Here was Obama’s plea:

“These Dreamers are Americans in their hearts, in their minds, in every single way but one: on paper. They were brought to this country by their parents, sometimes even as infants. They may not know a country besides ours. They may not even know a language besides English. They often have no idea they’re undocumented until they apply for a job, or college, or a driver’s license.

Over the years, politicians of both parties have worked together to write legislation that would have told these young people—our young people—that if your parents brought you here as a child, if you’ve been here a certain number of years, and if you’re willing to go to college or serve in our military, then you’ll get a chance to stay and earn your citizenship. And for years while I was President, I asked Congress to send me such a bill.

That bill never came. And because it made no sense to expel talented, driven, patriotic young people from the only country they know solely because of the actions of their parents, my administration acted to lift the shadow of deportation from these young people, so that they could continue to contribute to our communities and our country. . . Some 800,000 young people stepped forward, met rigorous requirements, and went through background checks. And America grew stronger as a result.

But today, that shadow has been cast over some of our best and brightest young people once again. To target these young people is wrong — because they have done nothing wrong. It is self-defeating—because they want to start new businesses, staff our labs, serve in our military, and otherwise contribute to the country we love.”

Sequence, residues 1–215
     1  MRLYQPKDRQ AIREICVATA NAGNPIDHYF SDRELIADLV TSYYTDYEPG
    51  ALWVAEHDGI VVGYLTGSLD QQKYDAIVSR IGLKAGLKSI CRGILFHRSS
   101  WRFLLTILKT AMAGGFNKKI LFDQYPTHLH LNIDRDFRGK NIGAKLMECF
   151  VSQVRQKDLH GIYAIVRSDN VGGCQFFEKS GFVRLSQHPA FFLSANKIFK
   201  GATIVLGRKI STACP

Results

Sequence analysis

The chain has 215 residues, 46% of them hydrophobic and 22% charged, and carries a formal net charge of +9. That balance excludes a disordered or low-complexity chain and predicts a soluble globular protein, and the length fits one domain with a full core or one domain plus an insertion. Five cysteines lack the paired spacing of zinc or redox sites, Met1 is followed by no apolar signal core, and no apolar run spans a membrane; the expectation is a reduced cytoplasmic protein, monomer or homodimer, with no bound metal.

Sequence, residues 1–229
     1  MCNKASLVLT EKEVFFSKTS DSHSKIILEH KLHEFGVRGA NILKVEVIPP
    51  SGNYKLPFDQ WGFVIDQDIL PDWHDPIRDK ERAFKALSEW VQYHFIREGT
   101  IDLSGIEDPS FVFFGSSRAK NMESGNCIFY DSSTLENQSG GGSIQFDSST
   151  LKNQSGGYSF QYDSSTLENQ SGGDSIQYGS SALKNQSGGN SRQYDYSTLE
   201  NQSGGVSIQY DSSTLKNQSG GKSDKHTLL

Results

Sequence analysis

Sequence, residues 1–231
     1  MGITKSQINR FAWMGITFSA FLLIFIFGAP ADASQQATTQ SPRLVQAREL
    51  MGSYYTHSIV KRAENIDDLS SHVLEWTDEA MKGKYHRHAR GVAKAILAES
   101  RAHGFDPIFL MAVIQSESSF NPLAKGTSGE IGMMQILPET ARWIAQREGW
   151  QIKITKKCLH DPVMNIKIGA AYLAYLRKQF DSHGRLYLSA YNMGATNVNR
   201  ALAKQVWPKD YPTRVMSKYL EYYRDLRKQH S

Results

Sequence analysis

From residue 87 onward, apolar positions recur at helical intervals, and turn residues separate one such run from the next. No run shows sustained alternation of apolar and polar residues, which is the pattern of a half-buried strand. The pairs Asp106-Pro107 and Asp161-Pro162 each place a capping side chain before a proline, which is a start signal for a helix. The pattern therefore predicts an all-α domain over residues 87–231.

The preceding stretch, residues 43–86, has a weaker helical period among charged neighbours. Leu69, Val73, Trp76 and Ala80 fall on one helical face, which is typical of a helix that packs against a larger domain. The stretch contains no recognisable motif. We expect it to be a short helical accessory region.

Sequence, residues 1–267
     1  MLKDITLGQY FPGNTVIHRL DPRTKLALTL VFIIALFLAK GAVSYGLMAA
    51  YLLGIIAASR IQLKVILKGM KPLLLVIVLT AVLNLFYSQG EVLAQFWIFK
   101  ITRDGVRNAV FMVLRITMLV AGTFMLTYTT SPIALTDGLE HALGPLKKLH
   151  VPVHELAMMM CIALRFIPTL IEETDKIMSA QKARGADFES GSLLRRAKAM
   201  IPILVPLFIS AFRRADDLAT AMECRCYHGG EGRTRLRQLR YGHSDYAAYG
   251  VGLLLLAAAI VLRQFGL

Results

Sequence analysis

Reflecting the views of the majority of Americans toward the Dreamers, Obama called on Americans to reaffirm their patriotic sense of decency:

“Ultimately, this is about basic decency. This is about whether we are a people who kick hopeful young strivers out of America, or whether we treat them the way we’d want our own kids to be treated. It’s about who we are as a people — and who we want to be.”

What Dreamers say

In the video below, we meet Dreamers who speak honestly about their sense of loss, their frustration, and their deep reluctance to give up on their American dreams. You’ll meet Joshua Casillas, an accomplished student who dreamed of becoming a doctor in his hometown of Houston, Texas, but instead left home to study medicine at a university in Mexico. For Joshua, the constant stress of the threat of deportation had become too much to bear. As he says, “the future I dreamed of was over.”

We also meet Daniel Arenas, who grew up in South Carolina but, at the age of eighteen, returned to Mexico and founded a non-profit to help other Dreamers pursue their education and find job opportunities.

We also meet Paola Morales, an honors student who reluctantly left her friends and family to go to college in Mexico.

When Dreamers like Joshua, Daniel, and Paola—young people with extraordinary talent, intelligence, drive, and ambition—leave America behind, they are not the losers. America is.